Anti-choice extremists declare war on abortion drugs: report

HuffPost published a series of articles titled “The End of Roe”, examining some of the many dire consequences of the U.S. Supreme Court’s overturning Roe vs. Wade — which, judging by a 5-4 majority draft opinion leaked written by Judge Samuel Alito and published by Politico on May 2, is likely to happen with the case Dobbs v. Jackson Women’s Health Organization. The consequences of reversal deer will go far beyond banning abortion in a long list of red states, giving the socially conservative majority in the High Court the green light to also attack everything from contraception (Griswold v. Connecticut) to same-sex marriage (Oberfell v. Hodges) to homosexual sexual practices (Lawrence v. Texas) to interracial marriage (Love against Virginia).

Reversal deer will open the floodgates of Christian nationalist hell, and that includes ban abortion drugs in GOP-controlled states. Journalist Alanna Vagiano addresses this very real possibility in an article written for HuffPost’s “The End of Roe” series which was published June 17.

“There’s a new war on drugs looming, but it won’t involve addictive narcotics or SWAT teams slamming doors,” Vagiano warns. “Instead, the coming battle will be over drugs that are safer than Tylenol and approved by the Food and Drug Administration: abortion drugs.”

Far-right Christian fundamentalists hate abortion drugs as vehemently as they hate birth control pills, IUDs and condoms. Their hatred of contraception is ironic because contraception prevents unwanted pregnancies and therefore prevents the need for abortions; no organization has done more to reduce the number of abortions in the United States than Planned Parenthood, which, through its family planning services, does much to help women avoid unplanned pregnancies.

But the Christian right doesn’t just oppose abortion, it opposes family planning in general.

“Anti-choice lawmakers and other abortion opponents are banking on the fact that you don’t know what medical abortion is,” observes Vagiano. “Many have already started tackling access to abortion pills explicitly: In the first three months of 2022 alone, more than 100 measures to restrict medical abortion were introduced in red states across the country – in plus dozens of other extreme abortion restrictions that went into effect this year… With or without deer, anti-choice lawmakers know that the next chapter in abortion care will center on medical abortion. And they quietly start waging a war, hoping to cut off access to a safe and effective method of abortion before most Americans even know it.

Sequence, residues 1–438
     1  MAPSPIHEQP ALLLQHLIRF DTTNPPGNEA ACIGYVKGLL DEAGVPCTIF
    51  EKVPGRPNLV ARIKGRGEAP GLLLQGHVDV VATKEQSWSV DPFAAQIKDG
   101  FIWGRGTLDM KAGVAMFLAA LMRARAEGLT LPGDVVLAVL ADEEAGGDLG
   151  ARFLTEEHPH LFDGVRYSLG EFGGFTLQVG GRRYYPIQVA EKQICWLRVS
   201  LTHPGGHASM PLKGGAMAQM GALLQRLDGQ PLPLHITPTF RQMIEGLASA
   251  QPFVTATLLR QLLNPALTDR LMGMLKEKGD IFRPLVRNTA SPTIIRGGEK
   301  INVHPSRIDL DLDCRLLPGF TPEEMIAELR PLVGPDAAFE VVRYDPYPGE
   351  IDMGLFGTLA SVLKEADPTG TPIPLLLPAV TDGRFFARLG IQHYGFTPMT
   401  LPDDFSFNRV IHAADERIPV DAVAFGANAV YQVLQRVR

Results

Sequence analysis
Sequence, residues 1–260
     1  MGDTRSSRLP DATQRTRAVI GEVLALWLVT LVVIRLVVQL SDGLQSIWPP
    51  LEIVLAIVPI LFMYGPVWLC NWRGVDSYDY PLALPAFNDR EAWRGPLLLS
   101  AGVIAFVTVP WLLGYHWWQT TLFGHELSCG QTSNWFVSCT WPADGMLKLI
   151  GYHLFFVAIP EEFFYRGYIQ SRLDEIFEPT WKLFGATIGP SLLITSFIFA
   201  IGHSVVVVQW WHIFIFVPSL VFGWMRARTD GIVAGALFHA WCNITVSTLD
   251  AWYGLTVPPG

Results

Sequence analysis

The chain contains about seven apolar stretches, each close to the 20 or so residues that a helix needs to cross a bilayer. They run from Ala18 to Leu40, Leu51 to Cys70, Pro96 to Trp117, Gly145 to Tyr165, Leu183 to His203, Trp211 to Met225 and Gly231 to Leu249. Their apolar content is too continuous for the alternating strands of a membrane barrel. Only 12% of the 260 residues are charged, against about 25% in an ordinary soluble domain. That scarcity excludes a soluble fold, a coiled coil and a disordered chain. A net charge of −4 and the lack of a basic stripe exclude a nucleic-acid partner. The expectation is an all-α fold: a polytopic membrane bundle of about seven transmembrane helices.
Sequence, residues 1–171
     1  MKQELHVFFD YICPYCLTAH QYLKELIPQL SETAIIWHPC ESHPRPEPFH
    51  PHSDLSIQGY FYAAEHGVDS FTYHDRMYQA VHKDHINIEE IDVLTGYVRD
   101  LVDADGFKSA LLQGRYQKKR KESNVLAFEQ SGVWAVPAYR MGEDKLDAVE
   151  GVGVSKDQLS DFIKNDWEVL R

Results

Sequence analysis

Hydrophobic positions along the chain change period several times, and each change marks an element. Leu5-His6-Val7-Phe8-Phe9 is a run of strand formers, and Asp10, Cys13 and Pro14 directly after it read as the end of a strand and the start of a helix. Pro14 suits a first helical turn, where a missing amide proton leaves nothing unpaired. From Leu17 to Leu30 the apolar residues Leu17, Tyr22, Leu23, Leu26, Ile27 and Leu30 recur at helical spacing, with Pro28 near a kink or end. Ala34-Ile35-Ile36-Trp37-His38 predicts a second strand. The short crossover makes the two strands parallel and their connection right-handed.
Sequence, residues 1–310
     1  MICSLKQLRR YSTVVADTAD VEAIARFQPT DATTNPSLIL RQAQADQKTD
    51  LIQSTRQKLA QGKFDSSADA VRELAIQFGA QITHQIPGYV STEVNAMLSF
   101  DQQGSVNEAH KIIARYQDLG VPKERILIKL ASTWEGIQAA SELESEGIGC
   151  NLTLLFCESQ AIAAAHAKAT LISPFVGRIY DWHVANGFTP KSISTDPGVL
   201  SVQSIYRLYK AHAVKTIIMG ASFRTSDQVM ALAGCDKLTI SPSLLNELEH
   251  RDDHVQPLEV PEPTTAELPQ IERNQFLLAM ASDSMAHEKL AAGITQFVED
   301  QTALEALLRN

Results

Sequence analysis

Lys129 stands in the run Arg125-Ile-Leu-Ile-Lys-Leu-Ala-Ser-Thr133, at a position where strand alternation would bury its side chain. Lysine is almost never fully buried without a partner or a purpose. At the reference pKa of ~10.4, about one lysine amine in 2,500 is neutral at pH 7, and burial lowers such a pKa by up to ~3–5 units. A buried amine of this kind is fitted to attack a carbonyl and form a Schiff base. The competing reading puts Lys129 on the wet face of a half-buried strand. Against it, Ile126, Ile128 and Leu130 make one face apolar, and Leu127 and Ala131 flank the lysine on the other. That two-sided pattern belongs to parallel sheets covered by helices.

Vagiano laments that in some red states, “obtaining abortion pills from a clinic” is becoming “increasingly difficult.”

“In recent years, anti-choice lawmakers have intensified their efforts to restrict access to in-person clinical care using targeted regulation of abortion providers, also known as TRAP laws, and other medically unnecessary restrictions, such as state-imposed waiting periods between seeing and getting prescribed pills, necessary advice that isn’t based on science, or laws that force people to listen fetal activity before accessing an abortion,” notes Vagiano. “In states like Oklahoma and Texas, which have extreme abortion bans, people are forced to take multi-day trips out of the state just to access a handful of abortion pills.”

Vagiano points out that anti-abortion groups like Susan B. Anthony List and Americans United for Life have publicly stated that restricting abortion drugs is a priority for them, adding that “19 states” in the United States have “banned the prescription of abortion drugs.” medical abortion via mail or through virtual telehealth visits.

“This year alone, Missouri lawmakers introduced bills that would equate mailing abortion pills with drug trafficking,” Vagiano says. “In Kentucky, lawmakers have created a public database that lists the names of medical abortion providers so people can anonymously report any alleged violations of state abortion laws. Tennessee lawmakers have passed a bill making it a crime to send a medical abortion through the mail, punishable by a $50,000 fine or up to 20 years in prison – a similar law passed in Texas the last year. And all of the draconian abortion bans in places like Texas, Oklahoma, and Idaho apply to both procedural and medical abortions.

But proponents of reproductive freedom aren’t giving up, and that includes Plan C – a group that offers information on obtaining abortion pills.

Elisa Wells, co-founder and co-director of Plan C, told HuffPost, “In the face of these unjust laws and unjust court rulings, here’s what we want people to know: there’s something you can do. We’ll tell you where to find these pills, how to use them, how to get help, and what you need to know about the landscape surrounding the use of self-directed abortion pills, including the potential legal risk.

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